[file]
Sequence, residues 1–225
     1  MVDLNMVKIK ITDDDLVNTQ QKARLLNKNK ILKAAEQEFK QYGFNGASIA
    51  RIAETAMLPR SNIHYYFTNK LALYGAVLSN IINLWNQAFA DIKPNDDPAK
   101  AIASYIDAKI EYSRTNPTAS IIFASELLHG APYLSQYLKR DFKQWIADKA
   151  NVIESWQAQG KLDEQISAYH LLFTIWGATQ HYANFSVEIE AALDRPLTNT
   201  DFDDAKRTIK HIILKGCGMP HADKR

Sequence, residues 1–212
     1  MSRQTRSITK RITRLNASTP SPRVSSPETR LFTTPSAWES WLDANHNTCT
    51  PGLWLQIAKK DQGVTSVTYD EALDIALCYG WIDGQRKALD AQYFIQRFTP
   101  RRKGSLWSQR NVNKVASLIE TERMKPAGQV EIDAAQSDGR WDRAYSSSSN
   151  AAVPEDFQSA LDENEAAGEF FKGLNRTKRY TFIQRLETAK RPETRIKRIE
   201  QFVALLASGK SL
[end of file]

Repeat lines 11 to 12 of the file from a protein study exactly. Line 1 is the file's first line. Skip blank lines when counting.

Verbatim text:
   151  AAVPEDFQSA LDENEAAGEF FKGLNRTKRY TFIQRLETAK RPETRIKRIE
   201  QFVALLASGK SL